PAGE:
Music in Japan has changed a lot over the last century. The slow and exotic melodies of the samisen and koto, the skilled beat of the taiko drums, the haunting sound of the Japanese flute -- all have made way for the frantic, electronic mish-mash known as J-pop. But, for a long while, a different style was on the ascendant and held the hearts of the populace.
That music was enka. A product of the post-war occupation, enka combines the traditional eastern scales with melodies more in line with what was popular in America at the time -- namely crooning tunes by the likes of Frank Sinatra. It's usually slow, sentimental, and incredibly easy to sing at karaoke parties.
In its heyday, enka was amazingly popular, and it still has a nostalgic lock on Japanese culture. When the famous singer Frank Nagai passed away last week, it made the national news. Still, while it used to be universally popular in Japan, in the 70s it found itself relegated more and more often into the realm of "mom and dad's music," and eventually settled into the status of "grandma and grandpa's music." Younger generations might still enjoy it from time to time, but would be too embarassed to admit it.
Until recently, that is. For the first time in about a quarter-century, an enka artist is among the Top 5 on the Oricon charts. This in itself is amazing, but it's still not the most surprising thing about all of this. What is? The singer is from Philly. Have a look for yourself.
I usually like to reserve this section for technology news, weird cultural stuff or swag items, but today I'll make an exception. Today, I'm doing the Happy Dance. Why is that? Because Square Enix apparently heard my cry of frustration in the previous column, and decided to release Final Fantasy IV - The After for Yahoo Softbank cellphones this very week. Now all I need is a new phone charger, because running software on that thing really drains the batteries.
WANTED: Willing applicant for the position of Keeper of the Balance, Guardian of the Cosmos, and Master of All that Exists. Duties to include ministering to the faithful, adjudicating in the ongoing Dark vs. Light dispute, and the occasional smiting. No previous experience necessary.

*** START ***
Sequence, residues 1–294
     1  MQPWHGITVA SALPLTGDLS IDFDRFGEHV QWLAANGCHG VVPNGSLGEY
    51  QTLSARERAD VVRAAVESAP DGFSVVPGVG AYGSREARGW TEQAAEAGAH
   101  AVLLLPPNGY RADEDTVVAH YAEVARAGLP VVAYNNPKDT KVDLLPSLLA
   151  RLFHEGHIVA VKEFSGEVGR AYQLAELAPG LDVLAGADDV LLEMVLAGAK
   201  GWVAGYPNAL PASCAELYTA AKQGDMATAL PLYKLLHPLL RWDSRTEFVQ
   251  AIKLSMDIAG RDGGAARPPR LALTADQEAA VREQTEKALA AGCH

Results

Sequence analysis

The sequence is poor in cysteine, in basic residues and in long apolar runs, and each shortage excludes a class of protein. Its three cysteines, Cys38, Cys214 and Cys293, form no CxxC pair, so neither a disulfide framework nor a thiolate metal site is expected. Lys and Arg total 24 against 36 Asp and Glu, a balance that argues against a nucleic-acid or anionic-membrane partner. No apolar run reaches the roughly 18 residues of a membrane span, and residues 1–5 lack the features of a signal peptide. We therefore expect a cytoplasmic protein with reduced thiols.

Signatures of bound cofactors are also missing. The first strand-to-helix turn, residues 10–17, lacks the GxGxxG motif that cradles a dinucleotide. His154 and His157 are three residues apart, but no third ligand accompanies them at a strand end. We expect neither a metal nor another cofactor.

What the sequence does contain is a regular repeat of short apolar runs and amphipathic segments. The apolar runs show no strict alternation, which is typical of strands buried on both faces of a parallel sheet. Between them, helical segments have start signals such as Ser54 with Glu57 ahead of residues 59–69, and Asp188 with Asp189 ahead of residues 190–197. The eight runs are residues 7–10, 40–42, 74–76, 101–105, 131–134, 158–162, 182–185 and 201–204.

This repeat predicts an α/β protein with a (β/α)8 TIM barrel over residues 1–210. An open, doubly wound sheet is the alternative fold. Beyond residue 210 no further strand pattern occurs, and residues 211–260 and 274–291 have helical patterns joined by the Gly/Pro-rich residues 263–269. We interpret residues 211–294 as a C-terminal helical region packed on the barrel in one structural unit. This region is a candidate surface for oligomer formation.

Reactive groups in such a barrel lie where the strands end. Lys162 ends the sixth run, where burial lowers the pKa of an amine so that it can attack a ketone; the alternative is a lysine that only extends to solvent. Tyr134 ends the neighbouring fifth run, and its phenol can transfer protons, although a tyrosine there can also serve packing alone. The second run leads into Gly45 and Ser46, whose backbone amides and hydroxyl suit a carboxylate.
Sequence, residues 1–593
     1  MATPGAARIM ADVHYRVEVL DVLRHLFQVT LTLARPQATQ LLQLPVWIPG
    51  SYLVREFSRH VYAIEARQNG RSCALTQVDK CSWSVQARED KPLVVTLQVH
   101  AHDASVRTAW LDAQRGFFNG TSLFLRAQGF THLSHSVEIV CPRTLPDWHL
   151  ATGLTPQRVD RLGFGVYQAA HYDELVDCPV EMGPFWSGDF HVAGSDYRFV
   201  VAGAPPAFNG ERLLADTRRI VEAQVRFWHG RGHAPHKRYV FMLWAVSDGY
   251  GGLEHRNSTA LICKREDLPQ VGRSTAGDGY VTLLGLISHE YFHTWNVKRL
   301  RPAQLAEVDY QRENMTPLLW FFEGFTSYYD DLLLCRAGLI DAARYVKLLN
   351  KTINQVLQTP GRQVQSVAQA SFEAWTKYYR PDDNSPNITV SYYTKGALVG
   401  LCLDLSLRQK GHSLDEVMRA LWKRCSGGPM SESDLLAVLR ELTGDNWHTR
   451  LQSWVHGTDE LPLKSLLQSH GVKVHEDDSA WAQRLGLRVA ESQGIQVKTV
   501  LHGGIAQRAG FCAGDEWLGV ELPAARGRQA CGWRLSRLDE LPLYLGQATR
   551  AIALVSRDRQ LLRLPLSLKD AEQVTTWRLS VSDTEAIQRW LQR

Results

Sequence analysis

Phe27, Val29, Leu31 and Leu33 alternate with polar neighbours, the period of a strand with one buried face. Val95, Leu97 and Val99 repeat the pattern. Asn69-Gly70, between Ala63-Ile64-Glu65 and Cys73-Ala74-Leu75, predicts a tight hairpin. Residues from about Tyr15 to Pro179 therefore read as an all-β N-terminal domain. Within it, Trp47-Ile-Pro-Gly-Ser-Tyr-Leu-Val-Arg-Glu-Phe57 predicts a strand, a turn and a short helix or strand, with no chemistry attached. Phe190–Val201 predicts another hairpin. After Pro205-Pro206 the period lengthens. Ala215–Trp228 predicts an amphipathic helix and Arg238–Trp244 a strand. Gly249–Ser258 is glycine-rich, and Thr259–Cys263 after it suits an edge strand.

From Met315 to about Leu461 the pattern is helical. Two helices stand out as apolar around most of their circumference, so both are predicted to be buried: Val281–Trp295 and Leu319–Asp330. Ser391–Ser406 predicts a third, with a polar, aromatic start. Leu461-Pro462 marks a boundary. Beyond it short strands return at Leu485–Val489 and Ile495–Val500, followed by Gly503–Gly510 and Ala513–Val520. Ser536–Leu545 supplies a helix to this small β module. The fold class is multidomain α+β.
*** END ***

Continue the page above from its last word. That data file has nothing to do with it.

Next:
It's hard being at the top. Just ask the previous major deity in the world of Sacred Blaze. He got caught in the crossfire when the eternal war between Light and Darkness got out of hand, and is now proving Nietzsche to be in the right. For the moment, Light and Dark are safely contained within their respective domains -- but for how long? Humans still walk the earth, but errant monsters do too. Clearly, someone needs to fill the vacant position. That person is you.
Woken from near-eternal slumber, it's up to you to guide the heroes of the world towards a restoration of the cosmic balance. Aiding you in your task is Navi the Angel, who's there to show you the ropes and ease your transition into divinity.
Characters in Sacred Blaze can be sorted into two categories: Master and Servant. All the plot characters are Masters, though Servants fulfill various story roles of their own. Servants are not unique characters, and as a Master's entourage grows, new bonuses and special attacks become available. As their deity, you the player are able to aid them in battle with various benedictions, blessings, and outright miracles, though at the cost of Force Points.
Let's take a look at our allies now!
First, we have Lord Alexid -- Hero of the Light, born and raised. He has his own cadre of knights at his command, and when the charge is called, enemies get hurt. You can see their group attack at the bottom of the third scan.
The Sacred Milhirete is a member of the Temple of Light, and obviously this game's main healer. It was foretold at her birth that she would be the one to find the "Hero of the Torch." A sort of light elemental called the Animus serves her.
Serpina is the White Mage. Seeing as this is not a Final Fantasy title, and her actual role bears no resemblance to that job class as it is used in most games, I expect that title to change if and when this game is exported. Her title in Japanese translates more like "the White Sage" or perhaps Magus. In any case, she's the offensive magic user, and loves her feline familiars.
Lam Shing is a Dousi. What's a Dousi? From the Japanese, we can tell that it means "Disciple of the Way," which (combined with the outfit) makes this kid a variation on a Taoist magician. The Ressi Fighters who serve her are actually kyonshi, an oriental ghost / revenant sometimes called the "Chinese Hopping Vampire." The best example anyone in the US is likely to know would be the character Lei-Lei from the Darkstalkers fighting game series.